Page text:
At a press conference, Mexico’s deputy foreign minister for North America, Jesus Seade, said the threatened tariffs would be “disastrous” and added that Mexico would respond “strongly.”

Trump has often tried to use tariffs and other import penalties as a way to pressure countries into changing behavior, but he has not yet done it on such a scale. In addition, he wrongly has said the cost of tariffs are shouldered by the countries that he targets.

Even some White House officials were caught off guard by the announcement, though planning within the West Wing escalated on Thursday afternoon. Vice President Pence was in Canada on Thursday meeting with Canadian Prime Minister Justin Trudeau about ratifying an updated version of the North American Free Trade Agreement with Mexico, but it’s unclear if Trump’s newest tariff threat could upend those discussions.

White House officials believe Trump has powers under a 1977 law to impose tariffs on all imports from certain countries if he cites a “national emergency.” And several months ago, Trump declared a national emergency along the Mexico border because of a surge in migrants crossing into the United States.

But the 1977 law has never been used to impose tariffs in this way before, and Trump’s new actions could face legal challenges due to the scope of companies that would be impacted.

The new tariff threat combines two of Trump’s favorite issues — immigration and trade — and comes as he has struggled to score victories on either one.

A central element of Trump’s campaign was his assertion that the United States was being “invaded” by people across the Mexico border, a sentiment that resonated with many supporters. He has tried to rework trade rules and build a wall to stop the flow of migrants, but so far his efforts have failed to stem the surge of people crossing the border. Crossings at the U.S.-Mexico border driven by Central American migrants seeking asylum have peaked to their highest level in more than a decade.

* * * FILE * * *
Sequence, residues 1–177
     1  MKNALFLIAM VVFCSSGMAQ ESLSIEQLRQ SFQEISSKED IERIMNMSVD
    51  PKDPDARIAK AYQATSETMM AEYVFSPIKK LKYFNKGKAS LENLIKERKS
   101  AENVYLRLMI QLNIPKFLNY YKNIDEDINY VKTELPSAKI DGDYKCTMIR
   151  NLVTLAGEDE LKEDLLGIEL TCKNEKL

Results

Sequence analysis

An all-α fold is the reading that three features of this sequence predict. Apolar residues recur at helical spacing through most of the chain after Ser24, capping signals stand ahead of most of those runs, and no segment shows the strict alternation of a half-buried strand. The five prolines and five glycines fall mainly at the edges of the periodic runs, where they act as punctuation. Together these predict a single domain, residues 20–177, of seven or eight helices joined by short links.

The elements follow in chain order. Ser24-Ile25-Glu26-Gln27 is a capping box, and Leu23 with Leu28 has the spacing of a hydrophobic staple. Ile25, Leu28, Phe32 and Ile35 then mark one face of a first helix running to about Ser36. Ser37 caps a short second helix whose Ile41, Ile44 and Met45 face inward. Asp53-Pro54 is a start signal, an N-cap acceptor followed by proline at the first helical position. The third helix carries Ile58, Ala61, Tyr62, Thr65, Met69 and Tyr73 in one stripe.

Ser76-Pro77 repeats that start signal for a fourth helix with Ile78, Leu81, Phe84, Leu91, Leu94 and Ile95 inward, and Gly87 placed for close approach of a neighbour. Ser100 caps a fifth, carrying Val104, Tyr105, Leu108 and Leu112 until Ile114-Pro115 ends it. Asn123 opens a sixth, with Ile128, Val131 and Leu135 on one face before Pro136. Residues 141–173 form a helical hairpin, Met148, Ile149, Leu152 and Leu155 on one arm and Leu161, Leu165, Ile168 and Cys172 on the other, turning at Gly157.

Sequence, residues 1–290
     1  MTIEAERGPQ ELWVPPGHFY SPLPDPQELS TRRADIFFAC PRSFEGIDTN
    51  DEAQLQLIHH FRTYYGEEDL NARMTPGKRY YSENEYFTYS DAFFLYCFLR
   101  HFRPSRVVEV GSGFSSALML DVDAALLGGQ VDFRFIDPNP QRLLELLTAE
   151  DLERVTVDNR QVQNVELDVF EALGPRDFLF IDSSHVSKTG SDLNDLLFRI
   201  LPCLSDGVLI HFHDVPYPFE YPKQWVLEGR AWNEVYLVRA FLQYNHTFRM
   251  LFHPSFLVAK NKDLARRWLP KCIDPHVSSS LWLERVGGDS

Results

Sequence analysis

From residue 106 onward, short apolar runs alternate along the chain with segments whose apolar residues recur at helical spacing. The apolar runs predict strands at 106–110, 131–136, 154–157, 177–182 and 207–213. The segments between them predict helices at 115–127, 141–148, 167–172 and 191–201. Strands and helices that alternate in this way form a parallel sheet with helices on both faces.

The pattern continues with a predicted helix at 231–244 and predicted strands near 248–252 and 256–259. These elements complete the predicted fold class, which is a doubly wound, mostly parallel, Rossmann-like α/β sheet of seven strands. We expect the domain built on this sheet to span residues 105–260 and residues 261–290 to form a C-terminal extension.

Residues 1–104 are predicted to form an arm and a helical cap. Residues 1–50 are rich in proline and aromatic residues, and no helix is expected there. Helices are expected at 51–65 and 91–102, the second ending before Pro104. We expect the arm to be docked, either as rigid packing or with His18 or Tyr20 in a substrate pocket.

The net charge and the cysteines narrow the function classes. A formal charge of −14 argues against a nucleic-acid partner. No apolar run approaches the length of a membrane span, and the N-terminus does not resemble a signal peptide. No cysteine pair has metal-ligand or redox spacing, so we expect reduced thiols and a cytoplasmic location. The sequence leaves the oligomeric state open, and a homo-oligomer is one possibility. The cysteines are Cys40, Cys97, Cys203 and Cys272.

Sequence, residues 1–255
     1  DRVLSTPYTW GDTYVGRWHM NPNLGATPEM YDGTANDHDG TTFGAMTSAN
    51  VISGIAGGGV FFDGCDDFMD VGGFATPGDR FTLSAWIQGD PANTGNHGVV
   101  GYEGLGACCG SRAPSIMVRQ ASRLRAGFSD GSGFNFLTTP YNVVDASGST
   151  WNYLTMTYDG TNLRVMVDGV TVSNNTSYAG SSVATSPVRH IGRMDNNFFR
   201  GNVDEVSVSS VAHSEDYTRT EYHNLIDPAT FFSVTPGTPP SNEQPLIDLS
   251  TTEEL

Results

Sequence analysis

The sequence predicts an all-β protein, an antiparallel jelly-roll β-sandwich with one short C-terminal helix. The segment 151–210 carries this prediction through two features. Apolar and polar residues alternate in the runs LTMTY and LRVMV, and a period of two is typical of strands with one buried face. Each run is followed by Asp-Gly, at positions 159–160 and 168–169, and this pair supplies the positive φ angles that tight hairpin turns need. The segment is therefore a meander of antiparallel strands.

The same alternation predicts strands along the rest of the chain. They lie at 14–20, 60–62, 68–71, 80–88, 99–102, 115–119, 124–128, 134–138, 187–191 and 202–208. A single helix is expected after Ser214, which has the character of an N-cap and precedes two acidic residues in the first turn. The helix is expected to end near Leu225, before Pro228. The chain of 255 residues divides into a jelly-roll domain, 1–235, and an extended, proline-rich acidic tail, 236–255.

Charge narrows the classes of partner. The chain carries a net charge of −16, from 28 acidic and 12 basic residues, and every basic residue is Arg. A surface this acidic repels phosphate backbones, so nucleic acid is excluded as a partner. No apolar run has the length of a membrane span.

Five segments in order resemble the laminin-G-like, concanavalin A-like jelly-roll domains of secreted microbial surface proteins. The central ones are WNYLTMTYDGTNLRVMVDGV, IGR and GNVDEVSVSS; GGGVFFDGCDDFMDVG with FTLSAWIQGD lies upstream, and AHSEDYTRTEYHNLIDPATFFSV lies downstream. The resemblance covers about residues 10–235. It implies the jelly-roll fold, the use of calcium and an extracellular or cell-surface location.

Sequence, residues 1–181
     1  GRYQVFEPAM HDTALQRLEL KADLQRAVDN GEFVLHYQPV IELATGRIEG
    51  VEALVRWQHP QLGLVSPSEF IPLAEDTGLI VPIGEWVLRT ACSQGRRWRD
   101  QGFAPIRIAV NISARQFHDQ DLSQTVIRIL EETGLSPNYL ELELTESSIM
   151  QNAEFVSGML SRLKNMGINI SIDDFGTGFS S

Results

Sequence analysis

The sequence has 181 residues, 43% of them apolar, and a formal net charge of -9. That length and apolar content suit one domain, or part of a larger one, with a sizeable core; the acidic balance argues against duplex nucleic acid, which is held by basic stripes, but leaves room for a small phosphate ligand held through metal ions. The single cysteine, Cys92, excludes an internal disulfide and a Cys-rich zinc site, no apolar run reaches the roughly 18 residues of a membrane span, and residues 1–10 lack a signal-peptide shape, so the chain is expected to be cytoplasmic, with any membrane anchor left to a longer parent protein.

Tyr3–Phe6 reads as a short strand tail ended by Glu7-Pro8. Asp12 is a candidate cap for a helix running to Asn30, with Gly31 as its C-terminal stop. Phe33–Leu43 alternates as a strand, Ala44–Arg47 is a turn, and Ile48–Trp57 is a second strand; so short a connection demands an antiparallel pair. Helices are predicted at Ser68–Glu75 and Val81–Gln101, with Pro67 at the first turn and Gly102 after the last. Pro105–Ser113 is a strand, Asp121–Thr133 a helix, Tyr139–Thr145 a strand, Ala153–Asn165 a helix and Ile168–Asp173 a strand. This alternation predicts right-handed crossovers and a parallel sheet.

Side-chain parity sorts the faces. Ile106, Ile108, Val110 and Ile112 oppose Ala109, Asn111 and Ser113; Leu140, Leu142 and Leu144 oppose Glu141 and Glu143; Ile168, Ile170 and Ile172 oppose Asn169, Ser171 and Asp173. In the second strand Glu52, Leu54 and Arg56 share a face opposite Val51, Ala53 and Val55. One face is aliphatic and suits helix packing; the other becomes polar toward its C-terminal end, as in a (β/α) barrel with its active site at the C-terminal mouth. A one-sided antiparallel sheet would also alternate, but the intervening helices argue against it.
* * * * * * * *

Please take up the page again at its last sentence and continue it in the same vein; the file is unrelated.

One senior White House official said there is broad support across the administration to push Mexico further by using tariffs to force action. Other aides, however, tried to talk Trump out of the idea, arguing that the threat would scare global markets and undermine passage of the United States-Mexico-Canada Agreement, or USMCA , which was just sent to Congress on Thursday by the White House. The trade deal aims to curb the type of tariffs Trump is now threatening to impose on Mexico.

The president teased his plans on Thursday morning, telling reporters outside the White House that he was preparing a “big-league statement” about the border surge, without going into detail.

“We are going to do something very dramatic on the border because people are coming into our country,” Trump said.

On Wednesday, more than 1,000 Central Americans crossed into the El Paso area to surrender to U.S. authorities, the largest group of migrants that U.S. border agents have taken into custody at a single time. Trump tweeted a video of the apprehension late Thursday, declaring that “Democrats need to stand by our incredible Border Patrol and finally fix the loopholes at our Border!”

Deportations by Mexican authorities have increased threefold compared with the same period last year, according to the latest statistics, but the vast majority of Central American migrants appear to be successful at evading arrest en route to the U.S. border.

Mexican President Andrés Manuel López Obrador campaigned last year on a promise to decriminalize migration and told audiences it was not Mexico’s job to assist the United States with the “dirty work” of deportations.